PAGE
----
38,186 research outputs found

    Individual Difference Predictors of Creative Ideation

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    Researchers have long been interested in individual difference variables as predictors of creativity. The focus of most studies has been on the later stages of creativity process through which creative ideas are transformed into tangible forms, but until recently a very limited empirical base existed to answer questions about why some individuals come up with creative ideas more often than others. The present study examined individual difference predictors of creative ideation among high ability undergraduate students and tested the role of well-being as a moderator in explaining these relationships. Three main findings are revealed. First, openness and extraversion were significantly associated with creative ideation, both positively. Second, creative ideation was also predicted by creative personal identity. Third, subjective well-being had both main and moderating effects on creative ideation. It moderated the relationship between creative personal identity and creative ideation

    On the Procrustean analogue of individual differences scaling (INDSCAL)

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    In this paper, individual differences scaling (INDSCAL) is revisited, considering INDSCAL as being embedded within a hierarchy of individual difference scaling models. We explore the members of this family, distinguishing (i) models, (ii) the role of identification and substantive constraints, (iii) criteria for fitting models and (iv) algorithms to optimise the criteria. Model formulations may be based either on data that are in the form of proximities or on configurational matrices. In its configurational version, individual difference scaling may be formulated as a form of generalized Procrustes analysis. Algorithms are introduced for fitting the new models. An application from sensory evaluation illustrates the performance of the methods and their solutions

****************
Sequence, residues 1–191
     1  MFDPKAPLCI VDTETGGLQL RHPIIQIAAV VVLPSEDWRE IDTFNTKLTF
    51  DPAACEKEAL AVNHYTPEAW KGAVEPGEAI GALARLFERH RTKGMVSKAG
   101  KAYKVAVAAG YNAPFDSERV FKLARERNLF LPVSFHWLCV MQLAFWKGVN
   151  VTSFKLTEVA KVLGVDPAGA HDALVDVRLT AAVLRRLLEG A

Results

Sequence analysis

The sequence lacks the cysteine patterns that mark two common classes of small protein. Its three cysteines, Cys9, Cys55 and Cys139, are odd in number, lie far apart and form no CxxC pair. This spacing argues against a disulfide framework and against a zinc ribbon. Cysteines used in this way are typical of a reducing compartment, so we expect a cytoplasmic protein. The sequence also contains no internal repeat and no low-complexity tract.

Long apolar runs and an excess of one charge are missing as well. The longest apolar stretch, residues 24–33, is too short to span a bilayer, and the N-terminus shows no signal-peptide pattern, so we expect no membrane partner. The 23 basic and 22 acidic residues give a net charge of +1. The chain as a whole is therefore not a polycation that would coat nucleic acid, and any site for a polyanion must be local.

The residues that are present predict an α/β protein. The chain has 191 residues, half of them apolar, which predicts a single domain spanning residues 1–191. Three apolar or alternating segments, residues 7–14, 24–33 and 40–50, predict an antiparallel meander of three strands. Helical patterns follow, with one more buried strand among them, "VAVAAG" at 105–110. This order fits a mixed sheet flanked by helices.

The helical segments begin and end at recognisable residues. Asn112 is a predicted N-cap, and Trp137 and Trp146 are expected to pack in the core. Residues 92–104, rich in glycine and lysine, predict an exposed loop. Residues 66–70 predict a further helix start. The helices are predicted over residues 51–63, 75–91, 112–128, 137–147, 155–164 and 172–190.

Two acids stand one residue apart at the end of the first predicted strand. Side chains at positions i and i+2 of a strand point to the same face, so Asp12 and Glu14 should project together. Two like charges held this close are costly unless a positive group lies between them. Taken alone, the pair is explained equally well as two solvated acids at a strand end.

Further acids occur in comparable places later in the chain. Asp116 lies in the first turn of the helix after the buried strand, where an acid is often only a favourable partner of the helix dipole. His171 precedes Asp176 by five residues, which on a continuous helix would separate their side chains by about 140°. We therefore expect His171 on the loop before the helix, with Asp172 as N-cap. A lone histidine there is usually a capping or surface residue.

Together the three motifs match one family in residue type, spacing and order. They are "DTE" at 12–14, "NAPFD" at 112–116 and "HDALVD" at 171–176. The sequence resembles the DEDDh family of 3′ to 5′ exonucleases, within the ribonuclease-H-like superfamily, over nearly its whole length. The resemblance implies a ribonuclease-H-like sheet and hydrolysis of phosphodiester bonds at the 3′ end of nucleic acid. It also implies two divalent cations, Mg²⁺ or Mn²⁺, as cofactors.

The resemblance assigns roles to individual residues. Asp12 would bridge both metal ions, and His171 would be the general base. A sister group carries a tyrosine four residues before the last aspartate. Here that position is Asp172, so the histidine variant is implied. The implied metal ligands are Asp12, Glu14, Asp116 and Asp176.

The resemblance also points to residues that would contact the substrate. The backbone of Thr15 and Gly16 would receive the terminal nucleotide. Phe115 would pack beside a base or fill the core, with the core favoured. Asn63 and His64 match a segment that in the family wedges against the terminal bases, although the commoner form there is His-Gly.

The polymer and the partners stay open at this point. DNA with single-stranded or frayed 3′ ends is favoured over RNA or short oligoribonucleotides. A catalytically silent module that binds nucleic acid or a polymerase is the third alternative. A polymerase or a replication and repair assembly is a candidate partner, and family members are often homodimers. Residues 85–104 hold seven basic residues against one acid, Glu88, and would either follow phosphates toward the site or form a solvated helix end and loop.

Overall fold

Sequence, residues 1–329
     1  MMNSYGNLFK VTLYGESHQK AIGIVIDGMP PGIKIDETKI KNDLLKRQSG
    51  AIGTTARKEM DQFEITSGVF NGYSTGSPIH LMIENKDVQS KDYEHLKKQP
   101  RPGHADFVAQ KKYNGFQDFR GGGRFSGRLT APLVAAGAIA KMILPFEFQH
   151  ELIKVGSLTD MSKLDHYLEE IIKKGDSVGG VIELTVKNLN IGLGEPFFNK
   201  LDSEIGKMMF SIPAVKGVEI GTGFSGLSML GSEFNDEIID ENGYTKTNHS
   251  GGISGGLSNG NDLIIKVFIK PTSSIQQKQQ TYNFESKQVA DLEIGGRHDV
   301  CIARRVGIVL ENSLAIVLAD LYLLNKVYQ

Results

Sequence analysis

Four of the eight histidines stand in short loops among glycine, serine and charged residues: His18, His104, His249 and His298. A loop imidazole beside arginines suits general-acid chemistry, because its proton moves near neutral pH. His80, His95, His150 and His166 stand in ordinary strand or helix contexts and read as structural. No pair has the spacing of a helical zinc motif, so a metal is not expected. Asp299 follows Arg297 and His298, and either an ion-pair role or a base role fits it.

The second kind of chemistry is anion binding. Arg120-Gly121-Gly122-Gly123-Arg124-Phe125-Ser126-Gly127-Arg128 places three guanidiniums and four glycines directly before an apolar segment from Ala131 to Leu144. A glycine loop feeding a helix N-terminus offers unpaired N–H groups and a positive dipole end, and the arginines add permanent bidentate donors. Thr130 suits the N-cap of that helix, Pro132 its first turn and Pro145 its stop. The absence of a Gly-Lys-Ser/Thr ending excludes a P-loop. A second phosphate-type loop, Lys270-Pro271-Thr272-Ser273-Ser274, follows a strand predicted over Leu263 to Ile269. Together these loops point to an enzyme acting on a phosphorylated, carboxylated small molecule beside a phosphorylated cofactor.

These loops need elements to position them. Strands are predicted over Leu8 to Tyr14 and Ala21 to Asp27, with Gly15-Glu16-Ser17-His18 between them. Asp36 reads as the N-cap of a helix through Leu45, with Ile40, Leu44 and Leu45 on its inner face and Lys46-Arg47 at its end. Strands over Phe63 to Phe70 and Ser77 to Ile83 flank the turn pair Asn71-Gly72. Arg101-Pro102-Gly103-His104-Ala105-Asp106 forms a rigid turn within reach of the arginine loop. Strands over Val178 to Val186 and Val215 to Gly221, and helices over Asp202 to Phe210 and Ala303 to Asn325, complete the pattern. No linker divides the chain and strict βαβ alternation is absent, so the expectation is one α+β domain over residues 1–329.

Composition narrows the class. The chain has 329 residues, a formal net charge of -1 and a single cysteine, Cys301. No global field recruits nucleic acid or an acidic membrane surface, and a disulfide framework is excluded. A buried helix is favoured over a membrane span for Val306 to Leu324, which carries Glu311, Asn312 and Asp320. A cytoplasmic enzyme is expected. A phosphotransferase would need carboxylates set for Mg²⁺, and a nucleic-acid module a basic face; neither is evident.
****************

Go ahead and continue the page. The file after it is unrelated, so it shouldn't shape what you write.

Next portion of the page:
Relationship Between Humor Styles and Individual Difference Variables

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    Humor styles provide a better understanding of one’s personality and may vary based on individual difference variables. This study explores humor by looking at how different humor styles may correlate with other variables such as, loneliness, depression, the Big Five traits, self-esteem, age and sex. The following poster outlines the methodology used, as well as the proposed means of data analysis that will be conducted

    Individual Difference as a Factor in Ethical Decision-Making

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    Despite the dominance of modernistic ethics in counseling there has been a growing development of postmodern thought. There has been a growing understanding the limitations of ethical codes and purely rational thinking in ethical decision-making. Part of this new paradigm is an appreciation for the role of affect and context in the decision-making process. A post-modern approach to counseling ethics seems to be increasingly accepted among persons working in the social service field but little research has been attempted to evaluate the implications of such a change in training and practice. This study attempted to explore possible relationships between individual personality traits, habituated coping strategies, and emotional intensity when assessing ethical dilemmas or situations. Participants (N = 74) of this survey research were asked to complete an online survey to determine personality traits, positive and negative problem-solving strategies, level of emotional intensity, and other demographic information. Two regression analysis and a Pearson product-moment correlation procedure were used to analyze the collected data. No significant relationships were identified. The study concludes with an analysis of limitations and a discussion and important considerations for future research